Please fully answer the 2 separate questions. There is a small attached article for the second question. Please use correct english when answering the questions. 

1.What elements of culture will be important for you to understand to improve the quality of your cross-cultural interactions? What actions should you take to prepare for your assignment and how can you best deal with culture shock?

2.Net Neutrality is one of the most controversial issues concerning the Internet in the news right now. 
Read the 2 posted articles on Net Neutrality and conduct your own research on it. What are your thoughts on this issue?

Article on Net Neutrality taken from the New York Times on Dec 22, 2010

The concept of “net neutrality" holds that companies providing Internet service should treat all sources of data equally. It has been the center of a debate over whether those companies can give preferential treatment to content providers who pay for faster transmission, or to their own content, in effect creating a two-tier Web, and about whether they can block or impede content representing controversial points of view.
Currently, Internet users get access to any Web site on an equal basis. Foreign and domestic sites, big corporate home pages and low-traffic blogs all show up on a user’s screen in the same way when their addresses are typed into a browser. The Federal Communications Commission had come out in favor of keeping things that way, but its ability to do so was put in doubt by a federal appeals decision in April 2010 that restricted its authority over broadband service.
On Dec. 21, 2010, the F.C.C. approved a compromise that would broadly create two classes of Internet access, one for fixed-line providers and the other for the wireless Net. The vote was 3 to 2, with the Democratic commissioners supporting it and the Republican commissioners against.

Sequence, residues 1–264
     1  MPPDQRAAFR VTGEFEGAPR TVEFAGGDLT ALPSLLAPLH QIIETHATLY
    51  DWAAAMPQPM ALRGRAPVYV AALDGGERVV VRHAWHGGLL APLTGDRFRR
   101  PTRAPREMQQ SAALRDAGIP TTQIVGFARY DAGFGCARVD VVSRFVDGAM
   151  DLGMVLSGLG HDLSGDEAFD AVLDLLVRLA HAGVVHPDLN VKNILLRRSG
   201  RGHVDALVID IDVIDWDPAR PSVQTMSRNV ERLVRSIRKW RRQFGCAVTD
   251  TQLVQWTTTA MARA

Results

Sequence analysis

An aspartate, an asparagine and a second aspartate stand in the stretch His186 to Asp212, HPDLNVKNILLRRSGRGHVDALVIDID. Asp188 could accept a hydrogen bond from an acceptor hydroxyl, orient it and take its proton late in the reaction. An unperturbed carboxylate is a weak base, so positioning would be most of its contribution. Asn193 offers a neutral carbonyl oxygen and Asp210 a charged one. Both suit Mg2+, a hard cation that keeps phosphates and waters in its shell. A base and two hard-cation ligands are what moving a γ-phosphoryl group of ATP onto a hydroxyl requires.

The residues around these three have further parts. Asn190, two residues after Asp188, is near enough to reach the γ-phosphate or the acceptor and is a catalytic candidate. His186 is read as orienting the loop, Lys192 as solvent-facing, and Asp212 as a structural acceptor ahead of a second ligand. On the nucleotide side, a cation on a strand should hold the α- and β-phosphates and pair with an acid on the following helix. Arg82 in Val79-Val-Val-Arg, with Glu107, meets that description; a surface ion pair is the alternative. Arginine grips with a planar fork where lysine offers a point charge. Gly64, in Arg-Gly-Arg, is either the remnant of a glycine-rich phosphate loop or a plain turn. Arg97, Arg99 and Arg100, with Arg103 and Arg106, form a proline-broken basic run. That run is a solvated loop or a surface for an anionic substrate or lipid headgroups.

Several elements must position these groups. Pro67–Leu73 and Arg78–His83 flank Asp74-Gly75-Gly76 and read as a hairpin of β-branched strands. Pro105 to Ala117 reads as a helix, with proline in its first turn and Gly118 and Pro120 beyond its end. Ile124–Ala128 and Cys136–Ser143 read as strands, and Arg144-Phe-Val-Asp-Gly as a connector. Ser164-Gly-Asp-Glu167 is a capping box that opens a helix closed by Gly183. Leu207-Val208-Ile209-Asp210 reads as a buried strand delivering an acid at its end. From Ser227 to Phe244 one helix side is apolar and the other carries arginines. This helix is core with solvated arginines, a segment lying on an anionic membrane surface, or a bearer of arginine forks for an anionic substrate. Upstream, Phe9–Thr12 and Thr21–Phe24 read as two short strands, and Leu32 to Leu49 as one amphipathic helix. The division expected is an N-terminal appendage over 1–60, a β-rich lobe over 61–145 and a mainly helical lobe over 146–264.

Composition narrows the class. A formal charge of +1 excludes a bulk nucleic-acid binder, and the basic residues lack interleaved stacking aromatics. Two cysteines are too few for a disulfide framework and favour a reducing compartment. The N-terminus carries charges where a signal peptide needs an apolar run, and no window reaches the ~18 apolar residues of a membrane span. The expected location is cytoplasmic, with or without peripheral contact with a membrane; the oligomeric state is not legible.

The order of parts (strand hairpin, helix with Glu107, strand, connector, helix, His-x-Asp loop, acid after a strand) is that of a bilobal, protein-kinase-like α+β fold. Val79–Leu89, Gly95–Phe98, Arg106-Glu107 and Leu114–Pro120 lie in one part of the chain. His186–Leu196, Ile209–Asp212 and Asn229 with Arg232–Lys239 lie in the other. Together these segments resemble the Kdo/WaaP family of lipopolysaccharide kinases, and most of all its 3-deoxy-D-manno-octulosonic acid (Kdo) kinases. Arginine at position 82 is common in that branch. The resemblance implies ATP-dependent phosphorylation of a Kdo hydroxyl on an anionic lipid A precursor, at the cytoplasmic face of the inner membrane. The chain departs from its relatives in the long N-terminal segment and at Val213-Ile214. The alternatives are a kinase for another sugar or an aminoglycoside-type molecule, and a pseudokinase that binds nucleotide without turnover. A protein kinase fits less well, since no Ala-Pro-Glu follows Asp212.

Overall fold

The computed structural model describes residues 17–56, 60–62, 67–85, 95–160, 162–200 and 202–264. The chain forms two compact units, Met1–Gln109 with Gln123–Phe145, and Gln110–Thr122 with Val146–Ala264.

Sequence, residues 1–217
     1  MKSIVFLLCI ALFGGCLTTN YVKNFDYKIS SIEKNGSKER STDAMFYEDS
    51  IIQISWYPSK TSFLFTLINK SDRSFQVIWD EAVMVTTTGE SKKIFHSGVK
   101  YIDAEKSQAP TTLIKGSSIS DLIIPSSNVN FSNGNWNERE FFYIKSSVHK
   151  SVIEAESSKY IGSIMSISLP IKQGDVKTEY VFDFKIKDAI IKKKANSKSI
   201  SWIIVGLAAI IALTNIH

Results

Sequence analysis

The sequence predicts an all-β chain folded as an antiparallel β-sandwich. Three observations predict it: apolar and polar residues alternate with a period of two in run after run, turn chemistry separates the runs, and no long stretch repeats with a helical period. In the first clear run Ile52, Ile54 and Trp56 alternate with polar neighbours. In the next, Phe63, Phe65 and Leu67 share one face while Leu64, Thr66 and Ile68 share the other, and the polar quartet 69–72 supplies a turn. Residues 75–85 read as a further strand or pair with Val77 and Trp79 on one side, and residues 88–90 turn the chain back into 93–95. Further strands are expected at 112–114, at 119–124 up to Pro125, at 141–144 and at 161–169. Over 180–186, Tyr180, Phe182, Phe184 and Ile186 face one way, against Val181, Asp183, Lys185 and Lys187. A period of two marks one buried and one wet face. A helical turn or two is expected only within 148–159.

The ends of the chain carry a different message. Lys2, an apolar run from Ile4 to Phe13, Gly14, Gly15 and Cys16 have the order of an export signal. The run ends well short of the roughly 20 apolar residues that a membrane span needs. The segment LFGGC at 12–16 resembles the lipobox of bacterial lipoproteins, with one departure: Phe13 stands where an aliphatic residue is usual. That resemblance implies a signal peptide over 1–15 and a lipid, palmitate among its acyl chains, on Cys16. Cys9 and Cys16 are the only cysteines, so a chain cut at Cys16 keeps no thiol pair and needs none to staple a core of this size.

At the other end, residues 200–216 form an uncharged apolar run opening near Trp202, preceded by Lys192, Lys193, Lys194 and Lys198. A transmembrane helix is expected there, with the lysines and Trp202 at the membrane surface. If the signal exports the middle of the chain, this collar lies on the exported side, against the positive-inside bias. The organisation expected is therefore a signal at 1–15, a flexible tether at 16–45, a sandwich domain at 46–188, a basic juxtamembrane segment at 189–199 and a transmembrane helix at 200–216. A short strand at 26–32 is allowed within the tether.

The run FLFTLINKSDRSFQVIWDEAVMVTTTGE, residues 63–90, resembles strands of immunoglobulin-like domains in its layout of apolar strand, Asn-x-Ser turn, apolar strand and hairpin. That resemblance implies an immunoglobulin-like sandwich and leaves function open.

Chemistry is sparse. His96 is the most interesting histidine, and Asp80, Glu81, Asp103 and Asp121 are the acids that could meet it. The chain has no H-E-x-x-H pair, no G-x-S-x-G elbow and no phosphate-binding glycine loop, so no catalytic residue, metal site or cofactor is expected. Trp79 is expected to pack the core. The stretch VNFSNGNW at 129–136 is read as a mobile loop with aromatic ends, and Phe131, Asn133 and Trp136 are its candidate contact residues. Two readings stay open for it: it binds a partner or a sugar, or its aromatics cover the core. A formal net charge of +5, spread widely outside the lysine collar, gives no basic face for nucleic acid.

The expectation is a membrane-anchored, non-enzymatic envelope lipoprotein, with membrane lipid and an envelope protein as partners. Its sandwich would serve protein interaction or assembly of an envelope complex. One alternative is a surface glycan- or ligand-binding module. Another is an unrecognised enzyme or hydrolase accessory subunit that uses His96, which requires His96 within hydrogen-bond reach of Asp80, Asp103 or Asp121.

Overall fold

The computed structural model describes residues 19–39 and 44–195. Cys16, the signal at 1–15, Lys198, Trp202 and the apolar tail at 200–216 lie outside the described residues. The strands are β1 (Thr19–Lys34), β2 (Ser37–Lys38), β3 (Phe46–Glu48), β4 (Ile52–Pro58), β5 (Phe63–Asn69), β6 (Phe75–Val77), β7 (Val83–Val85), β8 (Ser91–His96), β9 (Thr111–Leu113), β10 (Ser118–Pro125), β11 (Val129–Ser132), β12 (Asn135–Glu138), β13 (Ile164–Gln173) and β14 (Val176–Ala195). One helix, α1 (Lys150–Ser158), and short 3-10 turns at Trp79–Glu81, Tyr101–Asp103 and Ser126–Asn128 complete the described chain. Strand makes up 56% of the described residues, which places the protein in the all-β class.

The rules, which address some of the principles of so-called network neutrality, will be tested in the courts in the months ahead, and Republicans said that they would challenge the rules in Congress as well.
The new rules are, at best, net semi-neutrality. They ban any outright blocking and any “unreasonable discrimination” of Web sites or applications by fixed-line broadband providers, but they afford more wiggle room to wireless providers like AT&T and Verizon. They require all providers to disclose what steps they take to manage their networks. In a philosophical break with open Internet advocates, the rules do not explicitly forbid “paid prioritization,” which would allow a company to pay for faster transmission of data.
The F.C.C.'s new approach won widespread acceptance among some Internet providers, developers and venture capital firms. But a wide swath of public interest groups have lambasted the proposal as “fake net neutrality” and said it was rife with loopholes.
The F.C.C. compromise followed a proposal made in August by Google and Verizon, which called on regulators to enforce net neutrality on wired connections but not on the wireless Internet. They also excluded something they called "additional, differentiated online services."

One of the main factors in the current debate is the F.C.C.'s defeat in federal court. The ruling by the United States Court of Appeals for the District of Columbia that the agency lacks the authority to require broadband providers to give equal treatment to all Internet traffic flowing over their networkswas a big victory for the Comcast Corporation, the nation’s largest cable company. It had challenged the F.C.C.’s authority to impose the so-called “net neutraility” obligations.
The agency’s chairman, Julius Genachowski, argued that such rules are needed to prevent phone and cable companies from using their control over Internet access to favor some online content and services over others.